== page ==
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Its been said perception is reality. Maybe, maybe not. On Wall Street where buy on the rumor, sell on the news is a tried and trusted strategy, perception is an important element. Financial markets have been known to be manipulated, more than once, for a buck or two.

On Friday, Acushnet began trading on the New York Stock Exchange. It represents a historic moment for the company as well as a necessary one. In some ways it’s a back to the future moment as well. It was once owned by Fortune Brands (FO: NYSE) and therefore public life is not foreign to it. However, the golf business was somewhat sheltered under the shadow of a large entity.

Fortune Brands sold Acushnet in 2011 to South Korea's Fila and some private equity investors for $1.23 billion. Fast forward to 2016 and based on the $17 initial public offering price, the company’s market capitalization was placed at $1.3 billion. It implies the company’s value hasn’t changed since 2011. Keep in mind the concept of perception versus reality.

The IPO pricing was more a function of market conditions and public perception of the golf business. Only 94 IPOs have been priced in the U.S. so far this year, down 46 percent from the last year, according to Renaissance Capital, which manages an IPO-based Exchange Traded Fund. When Acushnet was sold in 2011 it started the clock ticking. The investment group’s strategy was to hold on to the assets for five years and then look to sell it off. However, only a portion of the group decided to sell. In order to facilitate the transaction the New York Stock Exchange was enlisted. In many instances an IPO is used to generate funds back to a company that has a purpose for it. In the early 90’s Callaway Golf (ELY: NYSE) went to Wall Street to help fund its growth, for example. It also spawned a wave of other golf companies to join it, as golf was considered somewhat of a hot commodity, believe it or not. It’s a much different world today than it was back then (perception vs reality). Acushnet didn’t receive any of the funds from its 2016 IPO.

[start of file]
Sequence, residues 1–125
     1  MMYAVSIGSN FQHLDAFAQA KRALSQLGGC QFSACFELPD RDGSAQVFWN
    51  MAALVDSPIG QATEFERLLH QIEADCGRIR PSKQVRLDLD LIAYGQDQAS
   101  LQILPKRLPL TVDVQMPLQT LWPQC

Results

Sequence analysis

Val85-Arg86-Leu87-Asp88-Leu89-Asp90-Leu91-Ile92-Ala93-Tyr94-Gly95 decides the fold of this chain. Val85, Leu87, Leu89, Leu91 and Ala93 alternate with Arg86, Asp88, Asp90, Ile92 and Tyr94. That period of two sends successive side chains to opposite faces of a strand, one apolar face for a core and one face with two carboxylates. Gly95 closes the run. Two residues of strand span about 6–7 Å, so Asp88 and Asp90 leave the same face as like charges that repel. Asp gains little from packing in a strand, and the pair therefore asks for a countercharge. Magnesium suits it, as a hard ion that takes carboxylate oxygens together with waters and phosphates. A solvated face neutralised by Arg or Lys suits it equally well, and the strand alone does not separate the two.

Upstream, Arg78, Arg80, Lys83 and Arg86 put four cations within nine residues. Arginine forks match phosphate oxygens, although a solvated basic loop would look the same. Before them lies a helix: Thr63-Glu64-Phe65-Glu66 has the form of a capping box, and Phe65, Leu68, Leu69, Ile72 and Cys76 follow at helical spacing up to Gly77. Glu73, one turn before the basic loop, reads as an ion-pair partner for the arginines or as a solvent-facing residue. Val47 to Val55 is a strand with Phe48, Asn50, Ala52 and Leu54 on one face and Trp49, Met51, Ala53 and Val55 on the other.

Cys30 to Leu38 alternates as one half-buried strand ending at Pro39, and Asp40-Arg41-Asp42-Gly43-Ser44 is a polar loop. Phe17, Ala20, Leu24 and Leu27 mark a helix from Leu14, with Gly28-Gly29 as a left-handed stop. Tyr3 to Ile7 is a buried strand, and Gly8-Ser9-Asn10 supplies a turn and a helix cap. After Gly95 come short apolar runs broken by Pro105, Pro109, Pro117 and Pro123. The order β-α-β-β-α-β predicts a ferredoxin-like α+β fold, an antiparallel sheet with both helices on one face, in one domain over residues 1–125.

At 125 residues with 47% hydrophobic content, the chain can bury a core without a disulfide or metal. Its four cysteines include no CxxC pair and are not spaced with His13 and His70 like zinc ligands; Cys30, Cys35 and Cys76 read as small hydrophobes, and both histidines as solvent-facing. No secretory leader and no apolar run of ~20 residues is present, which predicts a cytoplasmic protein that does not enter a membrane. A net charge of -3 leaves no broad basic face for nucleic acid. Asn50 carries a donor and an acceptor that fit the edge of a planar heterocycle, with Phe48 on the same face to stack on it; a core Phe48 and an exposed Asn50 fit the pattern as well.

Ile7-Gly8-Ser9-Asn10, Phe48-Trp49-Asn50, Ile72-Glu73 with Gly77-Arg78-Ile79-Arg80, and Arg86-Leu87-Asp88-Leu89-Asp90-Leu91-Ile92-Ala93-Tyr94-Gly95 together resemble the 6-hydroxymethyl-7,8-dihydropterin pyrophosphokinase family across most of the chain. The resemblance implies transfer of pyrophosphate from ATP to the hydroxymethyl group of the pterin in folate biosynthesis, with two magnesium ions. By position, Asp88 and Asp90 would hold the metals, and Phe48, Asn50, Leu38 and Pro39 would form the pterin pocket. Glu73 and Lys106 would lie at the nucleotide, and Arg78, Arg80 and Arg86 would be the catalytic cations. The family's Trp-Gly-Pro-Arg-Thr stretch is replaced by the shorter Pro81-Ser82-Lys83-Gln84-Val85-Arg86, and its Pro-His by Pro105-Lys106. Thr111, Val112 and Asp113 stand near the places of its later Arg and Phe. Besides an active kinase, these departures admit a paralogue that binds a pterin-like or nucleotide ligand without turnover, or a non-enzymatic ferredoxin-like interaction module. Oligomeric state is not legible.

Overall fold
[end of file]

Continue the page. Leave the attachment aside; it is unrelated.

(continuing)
While Tiger Woods was taking the PGA TOUR by storm in the 90’s, he helped to make golf cool and in turn generated higher television ratings. He still does today, except he hasn’t played in more than a year! In the 90’s the notion was populated that golf needed a new course to open every day in order to satisfy demand. adidas bought Solomon, which owned TaylorMade at the time and Nike Golf came to the party with its big reputation. No one ever anticipated a financial crisis in 2008/2009 that would nearly cripple the United States.